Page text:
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;2 T -^ 1 ALLEN COUNTY PUBLIC LIBRARY 3 1833 00829 4701 ,/ VIEW IN BISMARCK GROVE. The territorial government was formed, and armed conflicts took place; fire, rapine, pillage, bloodshed. Locate it back beyond the days of our grandfathers, and it would, perhaps, cover but few important events; but that quarter of a century which marks the early days of Kansas, is an era of moral and material progress unexampled in the history of nations. The world is changing around them, and they live in it unchanged. The complete and bound files of all my papers, with twenty-five sets of the Hei-ald of Freedom, which I had preserved with great care to present to the historical and liter- ary societies of Kansas, when properly organized, were burned at . A., Vermont Barnes, A., Barne.sville, O., July 15, 1848. Politics stepped into the arena, and the air was filled with strife. A quarter of a century denotes but a small part of the world's duration. They are like blind men in a land of light ; deaf men in a land of song : they can neither see nor hear. I read from a copy which my good wife found, with twenty-three additional numbers, under a carpet, in house-cleaning time, where they had been placed by a former owner of the property, being all that now remains to me of the fruitage of fourteen years of continuous journalism, six of which were in Lawrence. There were times of strife, now the hour is one of peace. Ah, gentlemen of the South, the great Virginian would have builded better. Dayton, Alexander Gardner, Richard Menden- hall, Charles A. You will please remember while I read that I left Kansas on the morning after President Lincoln's assassination, the 14th of April, 1865, at the close of the rebellion, while yet the blackened ruins of your crumbling walls remained, though here and there new structures were rapidly rising, among which was the Eldridge House, now the Ludington, the successor of the Free State Hotel. Gc 978.1 1433881 ©KNCALOGY x:0LLECT10M Compliments of F. THE ANSAS Memorial,'^ A REPORT OF THE ' Old Settlers' Meetini HELD AT BISMARCK GROVE, KANSAS, September 15th and 16th, 1879. Whatever of strife the exi- gencies of politics may have engendered in the past ; whatever dif- ferences of opinion may have been entertained; whatever of local disturbances may have occurred in the earlier days of Kansas, hap- pily for her and happily for all the people, the acerbity of those days belongs to the past alone and serves only as a milestone in the history of the State. They hug their delusions to their withered breasts, and dance their weird dances in their skeleton carnivals, Hstening only to the dreary strains of their ghastly theories, without dream- ing that the Vesuvius of the Census is coming on to exhaust them ! that terrible Quantrill Raid, on the 21st of August, 1863, when near two hundred of your best citizens were ruthlessly slain, and your were destroyed by fire. A celebration was held annually thereafter until 1877. At a meeting of this committee held April loth, 1879, a committee on invitations was appointed, as follows : James S. At a meeting held August 6th, the State Historical Society was requested to cooperate with the committee in making arrangements for and conducting the 6 THE KANSAS MEMORIAL. This culminated in the election of Lane to the Senate, April 4th, 1 86 1. And yet it is not strange, because they finally saw that all these acquisitions were not to extend but to stop the advancing tide of human slavery. Flowing directly from this as a natural result, all the wide national domain north, west and south of us was converted into free States and free Territories. The first Old Settlers' celebration at Lawrence was held Sep- tember 15th, 1870. Smith, the last named gentlemen being chosen secretary of the commit- tee. Charles Robinson was also appointed a committee to confer with railroads in relation to transportation. The second period may be characterized as the period of political organization, during which occurred the bitter struggle for leadership among the old free state leaders. Strange that he should have conquered the Federalists of the North who voted against the purchase of Louisiana, and that his ideas should have conquered the Whigs of the North who opposed the annexation of Texas and the acquisition of California. Many a day of gloom was ushered in, but with earnest faith and resolute endeavor, we pressed forward, conscious that we were sustained by the true and good everywhere. A free Commonwealth, giving protection and security to every citizen was fully established, under whose aegis your population has swollen in a quarter of a century to num- bers closely approximating a million. -0 1 1| NOT a grave of the murdered for Freedom But grows seeds of a wider Freedom, Which the winds carry afar and sow, And the snows and the rains nourish. A few settlements clung to the eastern border ; agri- culture had scarcely pushed a rifle's shot into this wild domain; Indians roamed at will over the great plains, swooping down now and then upon the scattered settlements with murderous intent; buffalo in countless herds tramped the boundless prairie to the hardness of pavement; a few faithful missionaries established schools among the tribes; the people were heterogeneous, poor and almost purposeless. Out of the smoke and clouds of the earlier conflict has arisen a Commonwealth greater in its present achievements and far greater in its inevitable future than the most sanguine pioneer could have prophesied. His living contemporaries in the South still refuse to study the great lesson. Offering sweet incense to the sunrise, smiles To see a babe before his mother's door, Sharing his morning's meal With the tame and stately buffalo That lies down at his feet." Whilst I am fully conscious that you wait with impatience the better things in store for you from the eloquent gentlemen from abroad, and the champions of free institutions at home, I know you will excuse me a few minutes longer while I read the closing paragraph of a leading editorial, published in the Herald of Free- dom, an old-time paper which all the old settlers of Kansas, I trust, will remember with some satisfaction. Entered according to the act of Congress, in the year 1879, by RAMSEY, MILLETT & HUDSON, In the Office of the Librarian of Congress, at Washington, D. 1433881 TO THOSE WHO RESCUED KANSAS FROM THE PERILS OF SLAVERY, AND WERE ,, FIRST IN HELPING HER TO WAYS OF PLEASANTNESS 2;" AND THE PATHS OF PEACE, THIS BOOK ^ IS INSCRIBED. To take charge of such preparations, the following committee was appointed : James Blood, Robert Morrow, E. These years, though not with- out their times of trouble and discouragement, have been years of peace and prosperity, witnessing an era of material advancement the like of which has rarely been recorded on the pages of history. Only a vast unexplored ter- ritory stretching from the Missouri river westward to the Rocky Mountains. People flocked into the new Commonwealth and a new era was inaugurated. Lincoln to Great Britain to assist the Union cause during the Rebellion, wrote a series of letters for English circulation, comparing the old Slave and Free States in population, industry, commerce, and intelligence. But had he lived to make a contrast between Kansas and Kentucky, or between Kansas and Louisiana, what a picture he would have drawn ! Shelley, seventy years ago, with poetical vision saw, and in glowing beauty described the glorious transformation. 53 me revive your recollection by stating that in all our maps printed prior to 1854, all that vast region lying west of the Missouri, ex- tending thence to the Rocky Mountains, now embraced in the hmits of Kansas, was marked as "The Great American Desert, inhabited by buffaloes and roving tribes of wild Indians." I read from Shel- ley's Queen Mab : "These deserts of immeasurable sand, Whose age-collected fervors scarce allowed A bird to live, a blade of grass to spring, Where the shrill chirp of the green lizard's love Broke on the sultry silentness alone, Now teem with countless rills and shady woods, Cornfields and pastures, and white cottages ; And where the startled wilderness beheld A savage conqueror stained in kindred blood, A panther sating with the flesh of lambs, The unnatural famine of her toothless cubs, Whilst shouts and bowlings through the desert rang ; Sloping and smooth the daisy-spangled lawn.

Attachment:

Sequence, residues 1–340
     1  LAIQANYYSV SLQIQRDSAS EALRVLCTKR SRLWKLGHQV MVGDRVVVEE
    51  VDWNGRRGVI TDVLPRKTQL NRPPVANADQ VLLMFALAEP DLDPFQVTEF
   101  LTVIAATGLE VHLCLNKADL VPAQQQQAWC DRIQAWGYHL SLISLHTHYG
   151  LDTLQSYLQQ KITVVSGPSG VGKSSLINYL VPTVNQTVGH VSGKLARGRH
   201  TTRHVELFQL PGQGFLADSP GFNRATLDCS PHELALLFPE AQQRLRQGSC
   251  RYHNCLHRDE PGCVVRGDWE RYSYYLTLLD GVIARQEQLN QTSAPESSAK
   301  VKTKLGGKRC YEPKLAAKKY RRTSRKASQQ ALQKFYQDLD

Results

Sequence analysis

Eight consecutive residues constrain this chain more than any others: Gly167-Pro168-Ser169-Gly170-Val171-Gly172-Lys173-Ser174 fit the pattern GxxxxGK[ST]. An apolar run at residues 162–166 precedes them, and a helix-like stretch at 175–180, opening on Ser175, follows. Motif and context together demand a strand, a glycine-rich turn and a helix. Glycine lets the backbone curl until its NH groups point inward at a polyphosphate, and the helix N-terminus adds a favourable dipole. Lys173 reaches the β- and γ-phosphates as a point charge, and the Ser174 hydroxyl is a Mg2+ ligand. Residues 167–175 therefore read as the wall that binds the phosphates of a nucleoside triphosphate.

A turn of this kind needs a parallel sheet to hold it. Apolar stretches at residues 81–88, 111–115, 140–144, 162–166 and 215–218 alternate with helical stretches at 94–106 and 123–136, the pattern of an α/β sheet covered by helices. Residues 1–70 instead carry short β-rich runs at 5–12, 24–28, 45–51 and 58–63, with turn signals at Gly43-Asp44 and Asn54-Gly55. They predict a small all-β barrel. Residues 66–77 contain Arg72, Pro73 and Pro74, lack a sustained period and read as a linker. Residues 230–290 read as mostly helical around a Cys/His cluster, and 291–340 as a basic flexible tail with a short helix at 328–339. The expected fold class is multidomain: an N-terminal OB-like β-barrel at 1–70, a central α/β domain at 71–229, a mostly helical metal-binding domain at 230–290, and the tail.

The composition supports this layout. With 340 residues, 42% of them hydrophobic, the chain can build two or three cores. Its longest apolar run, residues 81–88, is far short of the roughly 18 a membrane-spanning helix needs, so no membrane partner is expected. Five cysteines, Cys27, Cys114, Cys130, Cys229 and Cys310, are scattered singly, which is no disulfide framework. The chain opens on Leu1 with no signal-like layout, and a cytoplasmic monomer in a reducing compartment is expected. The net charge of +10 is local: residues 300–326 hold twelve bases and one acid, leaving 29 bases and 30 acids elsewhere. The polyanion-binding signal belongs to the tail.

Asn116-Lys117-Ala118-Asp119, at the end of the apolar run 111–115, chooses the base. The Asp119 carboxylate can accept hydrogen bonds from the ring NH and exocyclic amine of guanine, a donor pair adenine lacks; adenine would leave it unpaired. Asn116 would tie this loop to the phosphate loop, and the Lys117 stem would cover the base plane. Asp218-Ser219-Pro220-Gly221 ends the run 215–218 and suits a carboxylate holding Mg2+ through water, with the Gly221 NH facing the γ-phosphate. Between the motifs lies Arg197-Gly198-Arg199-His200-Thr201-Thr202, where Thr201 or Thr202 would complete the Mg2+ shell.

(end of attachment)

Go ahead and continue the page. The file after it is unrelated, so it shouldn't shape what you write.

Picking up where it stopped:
A republican President, on a distant continent, was also seeking to aggran- dize his country. And without interrupting either of these meliorations for an in- stant — without imposing a single new exaction on his people — he acquired, peaceably and permanently for his country, more extensive and fertile do- mains than ever for a moment owned the sway of Napoleon — more exten- sive ones than his gory plume ever floated over. One of the best brief descriptions of it was by Noble L. Calhoun's ideas to indoctrinate the South; and if he had failed to stop the poison, he would have demanded, at the close of the civil war, and in the face of the generosity proffered to the South by the North, " both hands full," that his people should not be held back in the new race for empire. Chairman, Ladies and Gentlemen : So many memories come thronging to my mind at this moment that I scarcely know where to begin. Seward said in a speech made in Massachusetts street, Lawrence: "If I should ever grow lukewarm and cold in the great struggle now going on in this new world, I will come back here to Kansas, and, in the presence of a great State saved to freedom, at her shrine renew my devotion." In that spirit, we gather this day to celebrate this, our twenty-fifth year; and, in looking back through the past eventful years, on and up to this good hour so full of hope and promise, may we not without presumption, without fanaticism, trace a power above man's power, a wisdom above man's wisdom, in the fortunes and destiny of Kansas ? In this connection allow me in few words to state a fact which should pass into history, that the first number of the Herald of Freedom, consisting of 21,000 copies, at a cash cost to me of 0, was printed on my power press at Conneautville, Pa. Prentis, author of "A Kansan Abroad," who wrote: "One of the things which may be considered worthy of a little Kansas self-gratulation at this quarter-century celebration is the creation of such a place as Bis- marck Grove. He would point them to the gigantic growth of the North under free institutions and the 48 THE KANSAS MEMORIAL. This is an hour of triumph — a call for gratitude and renewed consecration to the principles of liberty. A nameless sorrow fills our hearts when we miss so many dear, familiar faces of the early pioneers who have gone from us. , and complet- ed on the 3ist of September, 1854, though bearing date a month later. Leonard were added to the committee on transportion at this meeting, and it was determined that the Celebration should continue through two days, Monday and Tuesday, September 15th and 1 6th, 1879. The post-bellum period, from 1865 to the present time. His very faults had more of virtue in them than the good deeds of other men. He was a Democrat because he was truly an intelligent man ; because he saw things as they are, not as they seem. and Territory of Kansas, in 2d judicial district of said Territory, certify that I have compared the above with the original and certify the same to be a true copy thereof. The rains descended in grateful profusion; and a cloudless sun vitalized the whole, and assured us of a glorious fruition. The period subsequent to January ist, 1861, and prior to January ist, 1865; and IV. "Thomas Jefferson," says a recent critical writer, "was the model American citizen, whose writings contain more to instruct and guide his countrymen in the duties of citizen- ship than those of any other man. We looked upon its soil and saw there the ele- ments of perfected physical manhood. Bache, Anna C, Harrisonville, Mo., August 18, 1842.